Remember that many of the worst abuses by the U.S. government under Bushco were defended later on the basis that Democrats were informed of their existence. And that the fact that the opposition officials were sworn to secrecy and lacked any practical means to stop the abuse didn't stop a bullying government from claiming that their failure to act immediately made for tacit agreement with the policy.And the need is even more glaring in the case of C-51. Instead of merely investigating past misconduct as in the case of the Afghan detainee scandal, any oversight mechanism would need to be able to assess and respond to the use of nearly-unfettered powers on an ongoing basis. And a term of tightly-scripted Con majority government should put to rest any hope that MPs from the party currently in power will lift a finger to hold the executive accountable for anything.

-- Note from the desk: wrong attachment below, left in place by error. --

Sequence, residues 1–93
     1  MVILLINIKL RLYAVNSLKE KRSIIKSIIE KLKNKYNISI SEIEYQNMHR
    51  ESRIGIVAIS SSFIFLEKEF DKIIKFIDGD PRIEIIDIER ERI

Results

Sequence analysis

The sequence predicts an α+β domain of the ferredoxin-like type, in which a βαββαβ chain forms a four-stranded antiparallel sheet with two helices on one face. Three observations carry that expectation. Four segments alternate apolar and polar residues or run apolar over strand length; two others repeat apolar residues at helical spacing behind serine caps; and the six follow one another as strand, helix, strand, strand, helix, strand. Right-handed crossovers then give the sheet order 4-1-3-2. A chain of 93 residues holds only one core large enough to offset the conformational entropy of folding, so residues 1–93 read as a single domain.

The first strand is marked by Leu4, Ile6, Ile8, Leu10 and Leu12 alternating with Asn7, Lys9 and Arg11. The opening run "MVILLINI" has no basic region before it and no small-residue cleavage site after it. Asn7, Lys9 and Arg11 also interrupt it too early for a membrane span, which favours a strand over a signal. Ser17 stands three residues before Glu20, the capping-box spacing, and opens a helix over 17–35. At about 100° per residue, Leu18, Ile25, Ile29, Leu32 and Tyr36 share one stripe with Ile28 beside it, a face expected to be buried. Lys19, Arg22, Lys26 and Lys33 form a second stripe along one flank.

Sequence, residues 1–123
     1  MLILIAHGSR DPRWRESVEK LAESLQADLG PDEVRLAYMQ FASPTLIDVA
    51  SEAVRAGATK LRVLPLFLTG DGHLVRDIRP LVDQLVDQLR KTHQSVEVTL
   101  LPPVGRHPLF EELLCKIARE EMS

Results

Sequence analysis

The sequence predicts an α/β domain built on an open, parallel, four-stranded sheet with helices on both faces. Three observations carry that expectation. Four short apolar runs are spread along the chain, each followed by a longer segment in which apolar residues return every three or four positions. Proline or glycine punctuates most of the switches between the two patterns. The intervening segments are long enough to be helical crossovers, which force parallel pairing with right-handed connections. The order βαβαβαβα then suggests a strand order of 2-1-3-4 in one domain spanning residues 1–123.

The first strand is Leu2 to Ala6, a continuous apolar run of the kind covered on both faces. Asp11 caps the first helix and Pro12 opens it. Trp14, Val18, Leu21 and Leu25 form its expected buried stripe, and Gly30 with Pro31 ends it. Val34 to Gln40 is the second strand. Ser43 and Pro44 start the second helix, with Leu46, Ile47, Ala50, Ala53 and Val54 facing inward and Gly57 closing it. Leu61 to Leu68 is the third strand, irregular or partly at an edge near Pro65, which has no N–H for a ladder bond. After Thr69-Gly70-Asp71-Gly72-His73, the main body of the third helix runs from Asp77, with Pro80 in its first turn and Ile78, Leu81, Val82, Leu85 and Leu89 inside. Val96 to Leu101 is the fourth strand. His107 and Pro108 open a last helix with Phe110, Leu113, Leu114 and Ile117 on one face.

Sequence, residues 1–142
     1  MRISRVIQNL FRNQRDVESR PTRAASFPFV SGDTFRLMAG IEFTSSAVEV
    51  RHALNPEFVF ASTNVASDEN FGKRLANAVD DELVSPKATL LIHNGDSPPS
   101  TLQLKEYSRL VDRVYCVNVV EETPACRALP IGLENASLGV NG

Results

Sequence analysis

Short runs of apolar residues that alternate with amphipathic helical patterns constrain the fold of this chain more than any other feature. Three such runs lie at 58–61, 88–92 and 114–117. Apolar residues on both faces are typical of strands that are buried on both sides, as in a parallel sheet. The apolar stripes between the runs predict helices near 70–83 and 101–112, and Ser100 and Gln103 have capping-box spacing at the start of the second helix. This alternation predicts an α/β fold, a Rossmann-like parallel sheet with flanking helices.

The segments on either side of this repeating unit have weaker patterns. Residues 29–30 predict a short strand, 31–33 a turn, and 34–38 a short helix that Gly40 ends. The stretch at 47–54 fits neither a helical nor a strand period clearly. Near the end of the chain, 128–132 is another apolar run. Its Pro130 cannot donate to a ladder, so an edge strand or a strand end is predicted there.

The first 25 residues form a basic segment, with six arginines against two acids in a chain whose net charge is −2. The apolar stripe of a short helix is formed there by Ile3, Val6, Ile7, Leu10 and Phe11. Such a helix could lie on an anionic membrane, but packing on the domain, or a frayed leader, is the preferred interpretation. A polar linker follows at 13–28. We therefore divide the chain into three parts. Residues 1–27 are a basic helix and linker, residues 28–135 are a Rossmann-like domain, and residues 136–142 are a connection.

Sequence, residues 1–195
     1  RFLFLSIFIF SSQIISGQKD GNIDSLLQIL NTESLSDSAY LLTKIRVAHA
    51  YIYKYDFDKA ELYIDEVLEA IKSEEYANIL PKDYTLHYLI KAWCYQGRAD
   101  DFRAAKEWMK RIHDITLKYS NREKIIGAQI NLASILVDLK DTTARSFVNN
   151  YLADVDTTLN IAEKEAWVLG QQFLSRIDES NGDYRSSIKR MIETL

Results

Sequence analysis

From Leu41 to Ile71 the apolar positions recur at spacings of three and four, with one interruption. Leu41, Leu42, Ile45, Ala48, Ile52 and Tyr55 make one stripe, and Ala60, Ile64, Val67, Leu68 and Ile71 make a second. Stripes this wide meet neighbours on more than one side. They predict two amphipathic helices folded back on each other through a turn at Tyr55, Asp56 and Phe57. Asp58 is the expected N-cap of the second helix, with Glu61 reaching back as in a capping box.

Of course, that wasn't a reasonable position by any stretch of the imagination. But it did create a handy distraction tactic as soon as revelations did leak into the public eye - ensuring that the governing party wouldn't bear sole responsibility for its own actions, while the public would perceive insiders of all parties as having hidden information.
Of course, the best option for now is to challenge whether those powers are actually needed in the first place. On that front, the answer looks to be an emphatic "no".
But we should also press to make sure that any powers which might be granted are accompanied by full and public disclosure as soon as the immediate reason for action has abated. Because if the Cons think so little of the public as to believe we should have no knowledge of what's being done in our name, there's no reason for confidence they'll think any more of us when it comes to using and overseeing new secret police powers.